Latvia avoids being placed on international money-laundering “gray list”

In an important announcement February 21 it was revealed that Latvia has not been placed on an international “gray list” of high-risk money-laundering countries, which could have had a devastating effect on the banking system and national economy.

The decision by the international body the Financial Action Task Force (FATF) was taken at its plenary session in Paris and was revealed by the Latvian government. A notice on its website said:

“Latvia has set up a strong and robust financial crime prevention system and will not be subject to ‘enhanced surveillance’ or ‘gray listing’.”

Prime Minister Krišjānis Kariņš said the decision showed the urgent overhaul of the supervision of the financial sector begun a year ago had succeeded and the country’s reputation was well on the road to recovery.

“Of course, this does not mean that we can stop, we must continue to do what needs to be done to implement decisions that have been made. Thanks to all the experts, institutions and organizations involved, we have done a tremendous job and it is appreciated. The decision demonstrates that working together we can achieve great things,” said Kariņš.

He subsequently tweeted a similar message in English.

Further details of the FATF decision are due to be given at a press conference on Monday, 24 February. The Financial Action Task Force (FATF) is an inter-governmental body established in 1989 to set standards and promote effective implementation of legal, regulatory and operational measures for combating money laundering, terrorist financing and other related threats to the integrity of the international financial system.

An immediate response was issued by Latvia’s financial regulator, the Financial and Capital Market Commission (FKTK), which said “further work in the field of combating financial crime” would continue with “a risk-based approach, as well as various measures with a view to enhancing a common understanding of the regulatory enactments in the field of the prevention of money laundering and terrorism financing and the application of sanctions in the ongoing work of the FKTK and all participants of the Latvian financial sector.”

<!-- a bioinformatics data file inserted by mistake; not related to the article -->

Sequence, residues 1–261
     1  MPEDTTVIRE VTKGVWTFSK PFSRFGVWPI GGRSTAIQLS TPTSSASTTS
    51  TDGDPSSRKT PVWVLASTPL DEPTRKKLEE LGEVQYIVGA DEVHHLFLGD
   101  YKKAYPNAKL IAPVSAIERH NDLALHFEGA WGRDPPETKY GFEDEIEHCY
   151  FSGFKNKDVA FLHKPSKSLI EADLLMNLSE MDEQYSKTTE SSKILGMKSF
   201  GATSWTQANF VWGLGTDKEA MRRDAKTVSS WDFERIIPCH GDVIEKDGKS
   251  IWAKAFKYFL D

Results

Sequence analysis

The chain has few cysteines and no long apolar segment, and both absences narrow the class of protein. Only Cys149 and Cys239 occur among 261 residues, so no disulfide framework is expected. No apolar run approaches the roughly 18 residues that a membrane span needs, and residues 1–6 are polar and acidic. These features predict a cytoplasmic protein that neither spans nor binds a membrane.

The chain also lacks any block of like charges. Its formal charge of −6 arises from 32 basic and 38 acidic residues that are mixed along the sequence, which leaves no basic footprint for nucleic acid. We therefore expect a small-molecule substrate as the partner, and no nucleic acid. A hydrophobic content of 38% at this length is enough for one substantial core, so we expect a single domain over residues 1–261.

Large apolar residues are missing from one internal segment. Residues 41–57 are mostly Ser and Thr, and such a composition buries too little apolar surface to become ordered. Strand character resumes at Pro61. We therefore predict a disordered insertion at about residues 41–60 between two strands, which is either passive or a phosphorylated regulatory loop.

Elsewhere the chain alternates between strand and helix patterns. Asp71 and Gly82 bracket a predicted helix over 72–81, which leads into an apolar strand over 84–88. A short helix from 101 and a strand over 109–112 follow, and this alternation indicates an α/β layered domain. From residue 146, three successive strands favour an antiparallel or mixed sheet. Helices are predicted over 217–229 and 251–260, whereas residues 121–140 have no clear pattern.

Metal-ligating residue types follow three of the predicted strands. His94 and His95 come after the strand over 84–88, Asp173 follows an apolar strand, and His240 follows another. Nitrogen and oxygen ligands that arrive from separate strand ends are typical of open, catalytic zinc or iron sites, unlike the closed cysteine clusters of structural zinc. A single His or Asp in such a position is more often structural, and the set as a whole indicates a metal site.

Santa Purgaile, the FKTK chairwoman said: “I am pleased that the work of Latvian authorities has brought the result we all were hoping for; however, the work on combating financial crimes must be continued by refining the nuances of awareness and attempting to reach a more shared understanding of the application of regulatory enactments.”

In addition, FKTK released an infographic summarising the action it has taken in the last year (attached above).

The influential Foreign Investors Council in Latvia (FICIL) welcomed the decision and suggested it would help investors be more confident about putting their money into Latvia.

“Today ‘s statement after the FATF plenary session in Paris is another positive step that demonstrates Latvia’s progress as a normative actor and in putting regulatory changes into practice. Entrepreneurs awaited the Moneyval and FATF evaluations with great interest, because these findings are very important to boost investor confidence in Latvia, the financial sector, and the stability of the business environment,” FICIL said in a statement.

Reaction also came from banking industry body the Finance Latvia Association (FLA).

“The changes made in the financial sector are fundamental and sustainable. However, the system must continue to evolve. The evaluation received today shows the overall performance of our country. With its determination and action, Latvia has demonstrated its ability to set an example for other countries through the implementation of its financial crime prevention reform,” said Sanita Bajāre, chairwoman of the board of the FLA.

LSM.LV

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